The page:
With 80 percent of its land in use for agriculture, Texas is the second-largest agriculture state in the country and ornamental plants rank second-largest agricultural product in the state. Wholesale receipts last year from Cherokee, Van Zandt, Smith and Henderson counties totaled more than $250 million, while sales for the nursery and greenhouse industry statewide totaled $1.5 billion.
Dr. Brent Pemberton, research horticulturist with the Texas A&M Agriculture Experiment Station in Overton, told the Tyler, Texas, Morning Telegraph that ornamental plant wholesale sales rose to the number-two position less than 10 years ago. “As far as ag commodity in the state, nursery and greenhouse crops has gone over a billion dollars (annually) in wholesale value now, and it is, I believe, the number-two ag commodity in the state,” Pemberton commented. He also noted that Cherokee County alone accounts for $80 million a year in wholesale farm gate receipts from bedding plant growers.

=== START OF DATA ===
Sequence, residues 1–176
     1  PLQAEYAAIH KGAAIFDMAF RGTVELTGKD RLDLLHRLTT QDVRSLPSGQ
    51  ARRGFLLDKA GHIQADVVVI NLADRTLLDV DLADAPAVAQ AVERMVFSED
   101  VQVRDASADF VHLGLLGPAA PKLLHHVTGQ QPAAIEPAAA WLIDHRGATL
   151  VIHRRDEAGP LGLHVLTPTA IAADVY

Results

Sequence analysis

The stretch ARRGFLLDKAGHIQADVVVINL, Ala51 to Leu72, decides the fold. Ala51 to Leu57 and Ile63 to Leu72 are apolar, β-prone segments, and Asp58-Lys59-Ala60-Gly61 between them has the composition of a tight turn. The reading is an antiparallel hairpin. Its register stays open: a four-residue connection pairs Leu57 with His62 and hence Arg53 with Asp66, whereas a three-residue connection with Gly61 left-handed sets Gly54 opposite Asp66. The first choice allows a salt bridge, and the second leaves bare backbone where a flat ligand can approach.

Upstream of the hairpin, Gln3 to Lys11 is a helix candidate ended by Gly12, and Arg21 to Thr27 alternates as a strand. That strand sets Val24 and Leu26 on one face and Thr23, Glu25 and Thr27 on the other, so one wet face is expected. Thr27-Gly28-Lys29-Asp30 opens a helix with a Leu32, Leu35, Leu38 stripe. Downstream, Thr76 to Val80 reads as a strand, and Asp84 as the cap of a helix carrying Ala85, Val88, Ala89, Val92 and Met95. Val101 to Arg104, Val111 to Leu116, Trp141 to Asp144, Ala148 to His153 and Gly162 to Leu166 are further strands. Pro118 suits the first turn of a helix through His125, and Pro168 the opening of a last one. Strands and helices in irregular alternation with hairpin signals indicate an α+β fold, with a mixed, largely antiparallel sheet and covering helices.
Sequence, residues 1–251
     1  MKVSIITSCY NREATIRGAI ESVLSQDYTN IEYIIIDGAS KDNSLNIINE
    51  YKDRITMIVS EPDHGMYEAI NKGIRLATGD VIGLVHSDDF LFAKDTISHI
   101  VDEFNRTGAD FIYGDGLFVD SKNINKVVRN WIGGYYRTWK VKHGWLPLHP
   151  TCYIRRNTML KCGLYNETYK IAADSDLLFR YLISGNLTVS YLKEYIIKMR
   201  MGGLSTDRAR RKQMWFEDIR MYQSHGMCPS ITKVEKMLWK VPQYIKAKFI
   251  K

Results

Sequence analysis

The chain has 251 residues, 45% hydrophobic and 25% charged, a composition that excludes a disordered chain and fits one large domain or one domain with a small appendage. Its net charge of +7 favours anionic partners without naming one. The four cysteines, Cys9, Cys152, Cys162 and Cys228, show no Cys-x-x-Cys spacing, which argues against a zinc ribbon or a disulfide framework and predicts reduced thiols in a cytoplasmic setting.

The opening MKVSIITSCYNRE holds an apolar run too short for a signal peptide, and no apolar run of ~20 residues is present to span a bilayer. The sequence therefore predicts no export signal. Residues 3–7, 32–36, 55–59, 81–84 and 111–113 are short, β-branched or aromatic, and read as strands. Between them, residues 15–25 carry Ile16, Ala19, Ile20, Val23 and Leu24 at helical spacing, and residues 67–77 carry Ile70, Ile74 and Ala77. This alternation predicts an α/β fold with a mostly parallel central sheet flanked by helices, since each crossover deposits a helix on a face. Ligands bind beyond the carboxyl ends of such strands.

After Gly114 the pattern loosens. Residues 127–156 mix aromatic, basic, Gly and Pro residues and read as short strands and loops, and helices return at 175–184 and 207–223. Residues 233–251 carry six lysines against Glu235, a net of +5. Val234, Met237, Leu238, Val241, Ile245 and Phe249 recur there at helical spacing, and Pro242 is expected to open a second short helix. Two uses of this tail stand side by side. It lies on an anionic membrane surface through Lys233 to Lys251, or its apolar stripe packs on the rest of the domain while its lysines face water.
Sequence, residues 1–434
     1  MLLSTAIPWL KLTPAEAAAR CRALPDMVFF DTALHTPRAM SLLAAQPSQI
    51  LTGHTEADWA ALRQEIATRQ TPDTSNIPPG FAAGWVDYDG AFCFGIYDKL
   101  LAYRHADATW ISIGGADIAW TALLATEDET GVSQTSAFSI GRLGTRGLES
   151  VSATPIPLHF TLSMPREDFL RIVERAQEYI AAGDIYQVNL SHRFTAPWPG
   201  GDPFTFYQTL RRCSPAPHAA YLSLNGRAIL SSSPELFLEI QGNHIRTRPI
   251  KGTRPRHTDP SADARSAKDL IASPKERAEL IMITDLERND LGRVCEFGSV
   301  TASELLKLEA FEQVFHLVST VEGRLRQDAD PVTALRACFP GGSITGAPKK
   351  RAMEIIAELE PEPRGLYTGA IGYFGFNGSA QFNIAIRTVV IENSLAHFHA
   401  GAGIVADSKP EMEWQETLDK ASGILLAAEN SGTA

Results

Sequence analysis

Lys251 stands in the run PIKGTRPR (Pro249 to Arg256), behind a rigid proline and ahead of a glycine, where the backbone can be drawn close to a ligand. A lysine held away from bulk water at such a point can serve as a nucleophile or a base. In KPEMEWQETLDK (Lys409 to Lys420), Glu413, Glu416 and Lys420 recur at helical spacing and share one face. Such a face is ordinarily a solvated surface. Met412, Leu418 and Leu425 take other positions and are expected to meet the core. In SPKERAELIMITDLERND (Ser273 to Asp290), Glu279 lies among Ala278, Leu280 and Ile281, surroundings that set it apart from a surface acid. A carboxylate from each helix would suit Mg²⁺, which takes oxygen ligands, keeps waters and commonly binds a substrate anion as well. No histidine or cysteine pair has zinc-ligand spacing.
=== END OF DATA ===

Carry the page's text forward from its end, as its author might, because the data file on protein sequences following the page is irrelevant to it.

The experiment station had its annual Overton Horticulture Field Day in June. Founded by Pemberton in 1994, the field day has grown to be the most comprehensive bedding plant trials in Texas, showcasing more than 600 ornamental plant varieties. The event included more than 100 vinca entries, about 20 varieties of ornamental peppers, 60 trailing petunias and 30 verbenas.
Horticulture is the fastest growing agricultural segment in Texas and is more than 90 percent individual or family run. The industry promotes Texas horticulture through nursery, garden center and retailer promotions and through sponsoring Farm School programs across the state.